David Charles, MD: How Alternative Funding Programs Negatively Impact Patients with Chronic Illness

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David Charles, MD, chief medical officer of the Alliance for Patient Access, delves into the far-reaching implications of alternative funding programs.

In an interview with HCPLive, David Charles, MD, chief medical officer of the Alliance for Patient Access, discusses the implications of alternative funding programs designed to reduce a patient’s financial risks if they need expensive medical services. Although beneficial in theory, these programs often negatively impact patients with chronic conditions and those of lower socioeconomic status, impact the broader health care system, and worsen the drug pricing market.

“Imagine you and I have health insurance and then develop a severe medical condition requiring one of these specialty drugs,” Charles explained. “The insurer would contract with a third-party vendor who selects certain medications to be excluded from coverage. If we need one of these excluded drugs, we suddenly find out we're uninsured for it and must rely on alternative funding programs. This introduces delays, anxiety, and distress for patients who require this treatment.”

Looking at this from a patient's perspective, these plans create anxiety and stress. Patients forced into this situation experience significant worry, stress, and uncertainty about how to access vital medications. Charles emphasized these programs also lead to delays in care, which is concerning for those with serious medical conditions.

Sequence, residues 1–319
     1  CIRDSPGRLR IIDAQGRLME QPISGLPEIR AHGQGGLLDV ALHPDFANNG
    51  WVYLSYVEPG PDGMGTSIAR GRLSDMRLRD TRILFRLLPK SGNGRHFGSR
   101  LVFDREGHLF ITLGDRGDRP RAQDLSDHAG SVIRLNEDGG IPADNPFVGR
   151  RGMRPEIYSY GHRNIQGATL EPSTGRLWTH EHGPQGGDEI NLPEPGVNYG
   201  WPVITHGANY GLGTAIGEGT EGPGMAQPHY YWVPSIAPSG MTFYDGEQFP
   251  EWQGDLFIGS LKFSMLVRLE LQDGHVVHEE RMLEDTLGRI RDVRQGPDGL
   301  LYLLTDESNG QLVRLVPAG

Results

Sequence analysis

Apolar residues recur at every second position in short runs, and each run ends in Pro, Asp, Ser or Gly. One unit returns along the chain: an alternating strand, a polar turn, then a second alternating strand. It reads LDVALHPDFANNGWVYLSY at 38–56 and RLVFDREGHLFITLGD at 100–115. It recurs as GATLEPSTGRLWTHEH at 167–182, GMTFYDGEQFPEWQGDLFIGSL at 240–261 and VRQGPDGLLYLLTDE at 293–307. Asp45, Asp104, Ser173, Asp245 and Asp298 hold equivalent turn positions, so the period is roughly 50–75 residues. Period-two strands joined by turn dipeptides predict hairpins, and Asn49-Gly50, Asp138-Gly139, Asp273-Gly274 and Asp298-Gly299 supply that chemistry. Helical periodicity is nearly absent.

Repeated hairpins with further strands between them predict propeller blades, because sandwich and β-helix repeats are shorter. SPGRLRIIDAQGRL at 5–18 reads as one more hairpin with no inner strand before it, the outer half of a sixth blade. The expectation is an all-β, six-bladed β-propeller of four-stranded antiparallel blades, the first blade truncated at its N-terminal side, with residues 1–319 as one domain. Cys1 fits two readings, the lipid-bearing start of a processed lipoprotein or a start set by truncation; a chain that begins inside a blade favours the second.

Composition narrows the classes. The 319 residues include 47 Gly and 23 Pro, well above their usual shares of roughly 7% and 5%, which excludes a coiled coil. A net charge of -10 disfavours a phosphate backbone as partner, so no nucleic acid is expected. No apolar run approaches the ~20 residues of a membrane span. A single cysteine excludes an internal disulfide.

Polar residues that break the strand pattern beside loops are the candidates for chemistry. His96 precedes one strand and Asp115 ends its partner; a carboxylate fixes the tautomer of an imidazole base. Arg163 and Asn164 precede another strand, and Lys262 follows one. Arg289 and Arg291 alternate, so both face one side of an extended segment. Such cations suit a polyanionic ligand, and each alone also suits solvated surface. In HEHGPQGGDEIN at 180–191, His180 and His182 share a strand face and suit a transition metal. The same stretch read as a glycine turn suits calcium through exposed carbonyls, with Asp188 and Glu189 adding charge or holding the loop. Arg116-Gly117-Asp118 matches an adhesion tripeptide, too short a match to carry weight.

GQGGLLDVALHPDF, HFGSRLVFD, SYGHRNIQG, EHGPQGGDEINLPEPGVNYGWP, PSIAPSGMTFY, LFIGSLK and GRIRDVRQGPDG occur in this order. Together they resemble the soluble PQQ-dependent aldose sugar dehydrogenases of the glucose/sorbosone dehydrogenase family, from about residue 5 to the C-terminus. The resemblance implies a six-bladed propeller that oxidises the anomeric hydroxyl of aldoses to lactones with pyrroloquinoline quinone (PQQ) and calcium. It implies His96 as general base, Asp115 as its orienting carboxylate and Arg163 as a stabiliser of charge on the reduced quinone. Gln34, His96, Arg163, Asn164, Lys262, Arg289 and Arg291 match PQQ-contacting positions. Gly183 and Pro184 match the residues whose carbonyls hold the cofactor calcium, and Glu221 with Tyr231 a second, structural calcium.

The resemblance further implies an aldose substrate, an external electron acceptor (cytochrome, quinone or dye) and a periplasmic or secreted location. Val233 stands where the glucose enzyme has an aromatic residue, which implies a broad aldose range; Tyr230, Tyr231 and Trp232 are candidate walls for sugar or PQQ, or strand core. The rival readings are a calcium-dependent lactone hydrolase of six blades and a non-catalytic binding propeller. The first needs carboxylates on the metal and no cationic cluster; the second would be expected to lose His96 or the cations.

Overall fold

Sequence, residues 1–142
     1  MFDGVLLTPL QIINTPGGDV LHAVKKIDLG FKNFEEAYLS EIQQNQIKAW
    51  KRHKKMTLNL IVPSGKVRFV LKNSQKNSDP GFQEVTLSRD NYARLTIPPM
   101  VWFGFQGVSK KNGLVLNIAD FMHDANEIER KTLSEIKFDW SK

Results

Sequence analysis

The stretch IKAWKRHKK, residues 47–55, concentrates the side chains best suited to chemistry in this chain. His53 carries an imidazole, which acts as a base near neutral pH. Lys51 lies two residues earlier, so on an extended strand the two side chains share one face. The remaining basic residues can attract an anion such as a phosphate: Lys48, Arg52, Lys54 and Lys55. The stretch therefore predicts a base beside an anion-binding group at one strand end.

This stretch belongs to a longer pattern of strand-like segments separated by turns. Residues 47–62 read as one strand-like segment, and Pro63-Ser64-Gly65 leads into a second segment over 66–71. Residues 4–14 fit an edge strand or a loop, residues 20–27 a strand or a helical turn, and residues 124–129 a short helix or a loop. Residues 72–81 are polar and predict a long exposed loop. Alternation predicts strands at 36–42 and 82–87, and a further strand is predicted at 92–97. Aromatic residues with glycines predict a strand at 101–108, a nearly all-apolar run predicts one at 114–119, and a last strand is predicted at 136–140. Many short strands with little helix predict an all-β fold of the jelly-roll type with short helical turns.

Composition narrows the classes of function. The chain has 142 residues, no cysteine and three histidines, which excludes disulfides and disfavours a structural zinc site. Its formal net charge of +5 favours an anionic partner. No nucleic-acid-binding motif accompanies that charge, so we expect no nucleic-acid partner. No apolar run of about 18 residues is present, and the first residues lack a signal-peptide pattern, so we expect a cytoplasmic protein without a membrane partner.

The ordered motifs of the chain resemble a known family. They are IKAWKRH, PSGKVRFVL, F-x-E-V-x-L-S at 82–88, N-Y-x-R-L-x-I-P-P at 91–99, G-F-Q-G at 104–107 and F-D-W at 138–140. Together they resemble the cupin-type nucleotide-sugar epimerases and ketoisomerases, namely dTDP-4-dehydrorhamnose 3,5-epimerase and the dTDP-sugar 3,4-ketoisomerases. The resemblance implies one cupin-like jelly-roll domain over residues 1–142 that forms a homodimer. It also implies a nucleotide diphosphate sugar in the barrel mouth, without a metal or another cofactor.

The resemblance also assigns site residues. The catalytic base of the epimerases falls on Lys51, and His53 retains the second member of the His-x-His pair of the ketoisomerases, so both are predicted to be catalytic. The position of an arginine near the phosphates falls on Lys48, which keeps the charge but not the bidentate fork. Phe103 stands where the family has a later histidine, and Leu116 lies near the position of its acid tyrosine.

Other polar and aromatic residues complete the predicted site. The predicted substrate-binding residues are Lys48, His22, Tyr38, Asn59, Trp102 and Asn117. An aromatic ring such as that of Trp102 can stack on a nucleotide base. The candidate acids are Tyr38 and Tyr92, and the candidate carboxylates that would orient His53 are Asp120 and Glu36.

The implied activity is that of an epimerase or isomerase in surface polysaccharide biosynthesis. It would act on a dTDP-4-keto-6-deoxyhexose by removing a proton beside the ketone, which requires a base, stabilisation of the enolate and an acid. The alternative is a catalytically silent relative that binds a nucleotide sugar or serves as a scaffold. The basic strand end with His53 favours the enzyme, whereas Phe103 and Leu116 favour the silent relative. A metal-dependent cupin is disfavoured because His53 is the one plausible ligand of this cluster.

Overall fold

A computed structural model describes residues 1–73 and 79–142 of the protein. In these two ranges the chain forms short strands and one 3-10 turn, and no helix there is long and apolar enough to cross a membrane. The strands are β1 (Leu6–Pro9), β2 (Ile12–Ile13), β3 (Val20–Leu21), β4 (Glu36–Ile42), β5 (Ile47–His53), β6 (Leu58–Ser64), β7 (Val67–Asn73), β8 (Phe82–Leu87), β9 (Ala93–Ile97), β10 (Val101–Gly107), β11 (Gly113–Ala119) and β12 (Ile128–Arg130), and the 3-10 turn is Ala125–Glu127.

Additionally, charitable programs designed to help underinsured or uninsured patients access these therapies face increased strain as individuals with insurance are directed toward these programs, depleting the resources intended for the most vulnerable populations.

Furthermore, this system may lead to higher out-of-pocket costs for patients. Their health plan's maximum out-of-pocket cost may not apply when accessing drugs through alternative funding programs, making the drugs potentially more expensive than if they were covered by their health plan. This situation disproportionately affects people with chronic illnesses and those with lower socioeconomic status, as high copayments or out-of-pocket expenses can be financially devastating for these individuals.

This transcript was edited for clarity.